(a) Causes physical injury to the victim or another person;

(b) Causes physical damage to or destruction of the property of the victim or another person; or

(c) Threatens a specific person or group of persons and places that person, or members of the specific group of persons, in reasonable fear of harm to person or property. The fear must be a fear that a reasonable person would have under all the circumstances. For purposes of this section, a "reasonable person" is a reasonable person who is a member of the victim's race, color, religion, ancestry, national origin, gender, or sexual orientation, or who has the same mental, physical, or sensory handicap as the victim. Words alone do not constitute malicious harassment unless the context or circumstances surrounding the words indicate the words are a threat. Threatening words do not constitute malicious harassment if it is apparent to the victim that the person does not have the ability to carry out the threat.
12.15.2005 7:07pm
Bryan DB: I agree that it shouldn't constitute malicious harassment, but I think that the statute is sufficiently vague for there to be a colorable argument that the leaflets violate its terms. If I were one of six black people living in the town and "hundreds" of fliers were left in the street, I might have a "reasonable fear of harm to person or property" from the distribution of the leaflets "under all the circumstances."

If the statute were intended to exclude such behavior, I would hope to see language that suggests a reasonable person must anticipate "imminent threat of physical injury or serious damage to property." Such language would, at a minimum, make the statute less vague and chilling.
12.15.2005 10:00pm
Humble Law Student:
This is all so very wrong.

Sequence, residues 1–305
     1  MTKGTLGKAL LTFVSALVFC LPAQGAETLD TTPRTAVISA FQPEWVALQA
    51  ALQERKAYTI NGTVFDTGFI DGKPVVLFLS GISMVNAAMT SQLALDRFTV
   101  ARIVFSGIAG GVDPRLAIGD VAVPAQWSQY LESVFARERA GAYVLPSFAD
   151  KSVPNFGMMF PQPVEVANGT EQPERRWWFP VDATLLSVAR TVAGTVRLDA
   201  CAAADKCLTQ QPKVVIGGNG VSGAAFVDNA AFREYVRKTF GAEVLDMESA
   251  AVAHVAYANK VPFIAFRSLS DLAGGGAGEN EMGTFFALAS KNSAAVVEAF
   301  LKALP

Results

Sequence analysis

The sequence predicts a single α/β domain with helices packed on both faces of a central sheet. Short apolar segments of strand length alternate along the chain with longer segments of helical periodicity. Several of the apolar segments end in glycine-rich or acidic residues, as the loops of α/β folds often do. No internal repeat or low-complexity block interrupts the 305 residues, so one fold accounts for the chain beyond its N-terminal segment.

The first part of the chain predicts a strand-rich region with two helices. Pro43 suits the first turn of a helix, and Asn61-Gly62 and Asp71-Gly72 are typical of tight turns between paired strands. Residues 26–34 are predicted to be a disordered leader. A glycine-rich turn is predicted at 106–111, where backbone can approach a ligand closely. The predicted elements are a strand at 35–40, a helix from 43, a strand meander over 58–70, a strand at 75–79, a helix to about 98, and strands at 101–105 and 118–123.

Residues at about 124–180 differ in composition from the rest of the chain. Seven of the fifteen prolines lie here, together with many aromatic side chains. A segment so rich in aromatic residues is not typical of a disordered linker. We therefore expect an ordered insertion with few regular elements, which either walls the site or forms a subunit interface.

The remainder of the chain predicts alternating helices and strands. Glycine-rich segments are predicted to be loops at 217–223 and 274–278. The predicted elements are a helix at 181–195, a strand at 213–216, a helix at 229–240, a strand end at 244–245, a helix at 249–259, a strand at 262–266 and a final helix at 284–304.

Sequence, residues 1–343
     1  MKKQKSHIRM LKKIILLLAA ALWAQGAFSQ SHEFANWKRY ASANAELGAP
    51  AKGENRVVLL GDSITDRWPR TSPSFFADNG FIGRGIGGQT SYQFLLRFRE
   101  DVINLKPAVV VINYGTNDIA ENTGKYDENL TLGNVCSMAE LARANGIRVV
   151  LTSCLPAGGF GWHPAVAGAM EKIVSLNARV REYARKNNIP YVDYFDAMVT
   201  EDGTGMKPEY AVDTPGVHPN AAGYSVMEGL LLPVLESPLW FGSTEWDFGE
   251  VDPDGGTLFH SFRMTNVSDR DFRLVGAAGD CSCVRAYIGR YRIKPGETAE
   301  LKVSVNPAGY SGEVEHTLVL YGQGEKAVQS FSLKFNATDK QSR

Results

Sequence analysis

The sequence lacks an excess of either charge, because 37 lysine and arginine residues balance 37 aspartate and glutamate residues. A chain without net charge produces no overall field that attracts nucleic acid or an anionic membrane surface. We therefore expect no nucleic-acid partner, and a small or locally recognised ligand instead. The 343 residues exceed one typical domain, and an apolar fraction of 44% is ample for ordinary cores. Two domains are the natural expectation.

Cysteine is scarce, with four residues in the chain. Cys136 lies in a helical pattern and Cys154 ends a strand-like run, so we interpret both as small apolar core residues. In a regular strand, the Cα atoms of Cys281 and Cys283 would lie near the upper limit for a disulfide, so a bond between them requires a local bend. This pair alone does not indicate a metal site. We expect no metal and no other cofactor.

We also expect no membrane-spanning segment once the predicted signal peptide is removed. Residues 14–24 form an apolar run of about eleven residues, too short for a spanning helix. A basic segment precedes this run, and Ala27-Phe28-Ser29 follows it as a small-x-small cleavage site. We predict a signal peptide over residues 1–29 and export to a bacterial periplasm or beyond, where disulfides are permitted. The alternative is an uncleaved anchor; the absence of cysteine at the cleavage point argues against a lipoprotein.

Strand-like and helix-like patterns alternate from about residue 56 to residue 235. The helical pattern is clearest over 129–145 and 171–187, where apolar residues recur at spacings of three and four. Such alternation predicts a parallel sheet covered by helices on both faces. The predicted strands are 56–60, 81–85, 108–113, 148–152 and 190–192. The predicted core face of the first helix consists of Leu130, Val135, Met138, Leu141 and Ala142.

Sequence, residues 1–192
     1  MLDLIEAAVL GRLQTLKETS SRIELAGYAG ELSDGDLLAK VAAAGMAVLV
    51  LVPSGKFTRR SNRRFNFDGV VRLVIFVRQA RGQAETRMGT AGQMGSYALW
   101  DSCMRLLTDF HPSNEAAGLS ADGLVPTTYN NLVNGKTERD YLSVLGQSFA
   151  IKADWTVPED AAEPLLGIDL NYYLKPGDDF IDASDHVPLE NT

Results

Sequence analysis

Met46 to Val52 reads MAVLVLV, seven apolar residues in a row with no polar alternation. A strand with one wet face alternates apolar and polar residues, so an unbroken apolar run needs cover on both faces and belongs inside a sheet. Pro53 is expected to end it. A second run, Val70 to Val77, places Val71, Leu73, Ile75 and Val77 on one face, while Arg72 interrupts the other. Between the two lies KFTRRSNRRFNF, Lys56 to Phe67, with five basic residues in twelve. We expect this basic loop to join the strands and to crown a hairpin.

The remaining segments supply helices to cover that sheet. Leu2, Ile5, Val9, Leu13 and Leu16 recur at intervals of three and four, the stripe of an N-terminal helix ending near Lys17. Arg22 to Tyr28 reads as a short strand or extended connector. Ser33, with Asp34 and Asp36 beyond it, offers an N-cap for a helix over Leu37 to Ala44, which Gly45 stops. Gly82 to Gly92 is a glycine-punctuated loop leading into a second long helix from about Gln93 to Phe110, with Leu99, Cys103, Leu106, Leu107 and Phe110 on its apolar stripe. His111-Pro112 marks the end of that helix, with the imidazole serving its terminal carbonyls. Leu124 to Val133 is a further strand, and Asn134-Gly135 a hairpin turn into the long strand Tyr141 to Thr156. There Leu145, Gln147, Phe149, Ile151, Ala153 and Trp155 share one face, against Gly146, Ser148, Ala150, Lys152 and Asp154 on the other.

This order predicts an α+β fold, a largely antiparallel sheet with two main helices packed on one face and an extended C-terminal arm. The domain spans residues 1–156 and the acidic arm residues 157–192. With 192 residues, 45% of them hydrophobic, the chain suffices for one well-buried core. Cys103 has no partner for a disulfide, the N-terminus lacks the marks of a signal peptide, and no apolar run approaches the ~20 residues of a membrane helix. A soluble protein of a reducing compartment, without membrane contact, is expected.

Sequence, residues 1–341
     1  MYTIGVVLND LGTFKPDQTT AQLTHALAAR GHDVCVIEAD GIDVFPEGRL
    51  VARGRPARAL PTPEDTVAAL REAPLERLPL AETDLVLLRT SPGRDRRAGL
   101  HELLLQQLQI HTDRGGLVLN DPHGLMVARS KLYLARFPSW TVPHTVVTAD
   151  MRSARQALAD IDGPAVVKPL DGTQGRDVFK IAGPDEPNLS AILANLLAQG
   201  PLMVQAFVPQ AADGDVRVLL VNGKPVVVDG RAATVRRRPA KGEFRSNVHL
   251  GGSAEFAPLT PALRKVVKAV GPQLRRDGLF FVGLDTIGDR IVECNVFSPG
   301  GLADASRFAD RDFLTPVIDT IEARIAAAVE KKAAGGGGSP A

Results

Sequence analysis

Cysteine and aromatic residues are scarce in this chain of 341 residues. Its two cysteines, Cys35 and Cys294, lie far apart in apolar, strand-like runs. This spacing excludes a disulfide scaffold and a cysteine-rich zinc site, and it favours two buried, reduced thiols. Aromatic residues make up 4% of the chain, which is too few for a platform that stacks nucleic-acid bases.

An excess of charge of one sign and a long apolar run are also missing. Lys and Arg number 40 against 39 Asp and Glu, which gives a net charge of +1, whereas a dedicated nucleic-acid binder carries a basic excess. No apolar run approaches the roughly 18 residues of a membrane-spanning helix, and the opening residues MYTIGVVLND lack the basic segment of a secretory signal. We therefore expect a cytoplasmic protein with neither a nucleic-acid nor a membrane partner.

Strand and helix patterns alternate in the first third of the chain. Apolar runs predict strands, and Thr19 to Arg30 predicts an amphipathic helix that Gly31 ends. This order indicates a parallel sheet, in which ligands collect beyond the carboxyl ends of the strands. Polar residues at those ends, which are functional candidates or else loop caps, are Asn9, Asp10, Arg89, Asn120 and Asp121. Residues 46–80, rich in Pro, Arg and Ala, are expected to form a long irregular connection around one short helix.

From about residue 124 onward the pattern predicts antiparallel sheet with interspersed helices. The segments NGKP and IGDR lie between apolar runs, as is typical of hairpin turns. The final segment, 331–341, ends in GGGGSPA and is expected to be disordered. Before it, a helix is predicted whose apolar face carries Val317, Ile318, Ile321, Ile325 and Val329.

I thought the police were racist . . . Don't turn my whole world upside down. I am just a young, impressionable law student!

Oh, yah and George Bush doesn't care about black people.
12.15.2005 11:29pm
I am actually from Vancouver, Washington and my family still lives there, even though I don't. I can say that there are a whole lot of neo-nazis that live in that area. I know that they are very very active as well. So, I wouldn't be surprised if there is more than just the fliers that the police are responding to.
12.16.2005 6:10am
Yes, this leafleteer is a racist pig. But he is guilty of an offense that exists everywhere in the world and is codified many different ways. In some countries, the penalty can be death or torture. In others, it's imprisonment. Sometimes the penalty is "just" a short time on the county jail. What's the offense?
Insulting the Ego of an Officer of the Law.
12.16.2005 8:07am
Gary McGath (www):
Depending on what's in the flyer, there might be a libel case. But if criminal charges are brought, then we've regressed to the days of the Sedition Act.
12.16.2005 10:17am
Jack John (mail):
Why must it be imminent? Conspiracy to commit murder is a crime. The conspiracy might call for the murder to be committed a year out.
12.18.2005 9:54pm
eponymous coward (mail):
xx, you should read the Washington statute again. Especially:

Words alone do not constitute malicious harassment unless the context or circumstances surrounding the words indicate the words are a threat.

It's not vague on that point at all- that flyer doesn't meet the standards set forth for malicious harassment under statute. Washington's law is pretty stringent on that score- the ACLU, which takes a dim view of many hate crimes laws as being incompatible with First Amendment protections, cites Washington's law as a model.
12.19.2005 2:17pm